“Absolutely not. The British still seem to think that their empire was a benevolent one that did little harm, especially when compared to the empires of other European countries, and they seem to think that this gives them some sort of special relationship with former empire countries, especially India. But Indians for example, now see the British Raj as a time when the wealth of India was plundered and taken to Britain. Increasingly they are complaining, and we are likely to see this continue. Perhaps they will want some of the valuable stuff back, stuff that we looted years ago. But basically, India is a much greater trading country than Britain nowadays and most big businesses in India see Britain as weak and likely to get weaker, so they are not especially interested in us as a trading partner.”
And the Commonwealth – does that matter?
“The Commonwealth has very limited use – it may help a few smaller countries to meet and share and trade together but for the larger countries it is really an irrelevance.”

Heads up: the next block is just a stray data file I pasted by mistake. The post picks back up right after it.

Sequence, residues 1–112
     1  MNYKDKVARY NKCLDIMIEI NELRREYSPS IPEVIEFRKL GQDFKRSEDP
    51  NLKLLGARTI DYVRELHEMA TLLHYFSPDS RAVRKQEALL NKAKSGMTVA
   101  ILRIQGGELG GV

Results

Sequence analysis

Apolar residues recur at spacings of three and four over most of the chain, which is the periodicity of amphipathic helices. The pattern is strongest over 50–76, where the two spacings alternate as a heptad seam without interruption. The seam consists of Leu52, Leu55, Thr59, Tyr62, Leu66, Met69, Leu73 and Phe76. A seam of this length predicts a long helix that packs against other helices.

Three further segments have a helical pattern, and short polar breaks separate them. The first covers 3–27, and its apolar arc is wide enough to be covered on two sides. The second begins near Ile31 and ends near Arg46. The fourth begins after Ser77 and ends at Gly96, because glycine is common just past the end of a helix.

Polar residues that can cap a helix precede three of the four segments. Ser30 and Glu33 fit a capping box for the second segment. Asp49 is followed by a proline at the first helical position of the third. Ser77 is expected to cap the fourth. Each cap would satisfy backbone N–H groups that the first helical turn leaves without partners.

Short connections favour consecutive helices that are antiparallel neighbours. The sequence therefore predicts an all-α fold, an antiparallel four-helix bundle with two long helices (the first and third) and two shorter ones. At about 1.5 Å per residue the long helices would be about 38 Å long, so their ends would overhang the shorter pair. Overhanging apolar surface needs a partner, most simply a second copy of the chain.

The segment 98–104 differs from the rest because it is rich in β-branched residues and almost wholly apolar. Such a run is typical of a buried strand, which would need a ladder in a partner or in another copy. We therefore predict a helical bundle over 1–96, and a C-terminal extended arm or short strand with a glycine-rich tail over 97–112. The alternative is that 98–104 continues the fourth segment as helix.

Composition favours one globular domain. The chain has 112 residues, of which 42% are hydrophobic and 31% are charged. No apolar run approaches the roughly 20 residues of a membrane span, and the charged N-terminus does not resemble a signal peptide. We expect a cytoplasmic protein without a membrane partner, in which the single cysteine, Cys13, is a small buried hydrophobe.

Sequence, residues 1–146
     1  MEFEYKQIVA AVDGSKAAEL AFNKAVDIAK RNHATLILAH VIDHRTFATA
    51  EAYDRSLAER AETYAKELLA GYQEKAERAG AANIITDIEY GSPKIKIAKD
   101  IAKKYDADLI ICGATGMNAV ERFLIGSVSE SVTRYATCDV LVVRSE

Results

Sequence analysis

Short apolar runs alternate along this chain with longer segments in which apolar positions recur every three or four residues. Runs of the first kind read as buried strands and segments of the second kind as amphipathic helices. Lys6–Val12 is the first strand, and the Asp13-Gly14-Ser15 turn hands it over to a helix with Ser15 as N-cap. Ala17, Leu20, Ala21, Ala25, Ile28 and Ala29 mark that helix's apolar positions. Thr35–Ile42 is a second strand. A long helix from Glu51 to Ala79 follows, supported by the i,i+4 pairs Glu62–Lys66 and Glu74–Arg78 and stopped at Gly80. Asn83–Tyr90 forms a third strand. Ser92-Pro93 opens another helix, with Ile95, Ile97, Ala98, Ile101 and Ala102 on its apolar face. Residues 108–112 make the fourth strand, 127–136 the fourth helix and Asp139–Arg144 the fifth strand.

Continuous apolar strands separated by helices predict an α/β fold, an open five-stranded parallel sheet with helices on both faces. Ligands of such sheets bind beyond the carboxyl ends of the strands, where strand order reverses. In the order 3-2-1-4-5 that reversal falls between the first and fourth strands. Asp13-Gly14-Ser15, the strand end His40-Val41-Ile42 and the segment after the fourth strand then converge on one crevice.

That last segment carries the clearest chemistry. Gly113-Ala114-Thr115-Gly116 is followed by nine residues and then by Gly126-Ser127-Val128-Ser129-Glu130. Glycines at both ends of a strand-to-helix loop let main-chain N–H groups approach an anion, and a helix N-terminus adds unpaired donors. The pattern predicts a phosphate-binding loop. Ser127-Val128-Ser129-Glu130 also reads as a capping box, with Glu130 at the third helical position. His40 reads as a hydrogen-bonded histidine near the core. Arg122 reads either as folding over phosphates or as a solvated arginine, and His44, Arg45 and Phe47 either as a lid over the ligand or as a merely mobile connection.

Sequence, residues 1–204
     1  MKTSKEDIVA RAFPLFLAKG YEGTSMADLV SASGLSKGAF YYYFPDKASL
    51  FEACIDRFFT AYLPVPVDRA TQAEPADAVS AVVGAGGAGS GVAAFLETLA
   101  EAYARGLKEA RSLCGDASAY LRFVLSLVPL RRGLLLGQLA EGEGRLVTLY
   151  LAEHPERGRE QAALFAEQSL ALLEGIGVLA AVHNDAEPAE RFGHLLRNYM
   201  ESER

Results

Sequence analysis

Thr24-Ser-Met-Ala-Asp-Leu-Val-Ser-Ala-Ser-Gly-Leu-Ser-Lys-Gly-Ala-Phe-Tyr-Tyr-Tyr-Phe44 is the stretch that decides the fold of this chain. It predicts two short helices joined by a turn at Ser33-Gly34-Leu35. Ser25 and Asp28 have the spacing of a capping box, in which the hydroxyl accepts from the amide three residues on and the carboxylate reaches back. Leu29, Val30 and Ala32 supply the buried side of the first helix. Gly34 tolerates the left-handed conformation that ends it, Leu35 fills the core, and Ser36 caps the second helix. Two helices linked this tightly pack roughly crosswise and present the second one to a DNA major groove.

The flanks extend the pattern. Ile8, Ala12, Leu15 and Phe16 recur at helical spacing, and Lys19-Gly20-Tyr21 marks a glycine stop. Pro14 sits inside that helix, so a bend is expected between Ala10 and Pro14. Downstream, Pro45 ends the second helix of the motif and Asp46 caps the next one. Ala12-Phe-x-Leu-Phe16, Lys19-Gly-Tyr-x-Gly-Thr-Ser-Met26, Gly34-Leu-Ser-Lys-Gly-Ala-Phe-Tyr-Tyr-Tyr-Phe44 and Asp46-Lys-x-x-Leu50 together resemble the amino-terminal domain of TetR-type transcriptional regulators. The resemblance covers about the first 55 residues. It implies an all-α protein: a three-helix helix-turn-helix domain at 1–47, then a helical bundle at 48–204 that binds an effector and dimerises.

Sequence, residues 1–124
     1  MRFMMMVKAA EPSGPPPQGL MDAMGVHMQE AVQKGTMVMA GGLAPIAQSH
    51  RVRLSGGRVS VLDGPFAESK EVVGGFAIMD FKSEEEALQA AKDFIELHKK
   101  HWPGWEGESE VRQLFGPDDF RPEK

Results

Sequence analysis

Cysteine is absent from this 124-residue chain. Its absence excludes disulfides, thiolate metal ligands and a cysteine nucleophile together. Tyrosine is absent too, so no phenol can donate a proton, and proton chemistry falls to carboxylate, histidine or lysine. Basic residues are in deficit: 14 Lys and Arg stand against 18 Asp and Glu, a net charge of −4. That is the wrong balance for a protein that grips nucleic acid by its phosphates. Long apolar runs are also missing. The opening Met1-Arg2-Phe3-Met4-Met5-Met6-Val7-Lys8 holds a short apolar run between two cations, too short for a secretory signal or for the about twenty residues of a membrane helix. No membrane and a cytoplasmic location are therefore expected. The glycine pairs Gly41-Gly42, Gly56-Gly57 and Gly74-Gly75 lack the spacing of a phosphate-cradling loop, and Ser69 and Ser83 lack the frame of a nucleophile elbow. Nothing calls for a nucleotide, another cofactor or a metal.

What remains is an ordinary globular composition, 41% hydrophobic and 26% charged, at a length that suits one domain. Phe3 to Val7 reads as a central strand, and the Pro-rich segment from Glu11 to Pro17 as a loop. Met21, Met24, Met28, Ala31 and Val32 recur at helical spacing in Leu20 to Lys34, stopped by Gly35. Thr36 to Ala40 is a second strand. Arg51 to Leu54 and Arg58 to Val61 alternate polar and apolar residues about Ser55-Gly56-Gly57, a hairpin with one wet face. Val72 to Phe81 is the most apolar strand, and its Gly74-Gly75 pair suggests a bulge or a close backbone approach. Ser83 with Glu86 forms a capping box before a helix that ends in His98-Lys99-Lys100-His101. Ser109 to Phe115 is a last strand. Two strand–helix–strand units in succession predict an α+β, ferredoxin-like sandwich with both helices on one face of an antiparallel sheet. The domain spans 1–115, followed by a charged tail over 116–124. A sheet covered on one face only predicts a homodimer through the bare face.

Dalrymple finds it hard not to despair of British attitudes to Asian countries. Clearly, we must do better. But how can we change our approach, especially when new trade links are so urgently needed?
“We should definitely change our approach. For example, Theresa May came to India looking for a better trading relationship recently, and was asked in return to make it easier for Indian students and other visitors to get visas. When she could not agree to this, the talks basically ended in failure – Prime Minister Modi was no longer interested. Britain needs to understand that sentimental ties such as cricket and the English language do not nowadays mean a special relationship. Most of today’s Indian businessmen are more interested in doing deals with the US or China.”
And what about Brexit, how do they see Britain’s decision to leave the EU, from their side of the world, I wonder. Perhaps some peoples’ hope – that we can pick up new trading deals from Asia to compensate for the trade we lose with Europe, is unduly optimistic: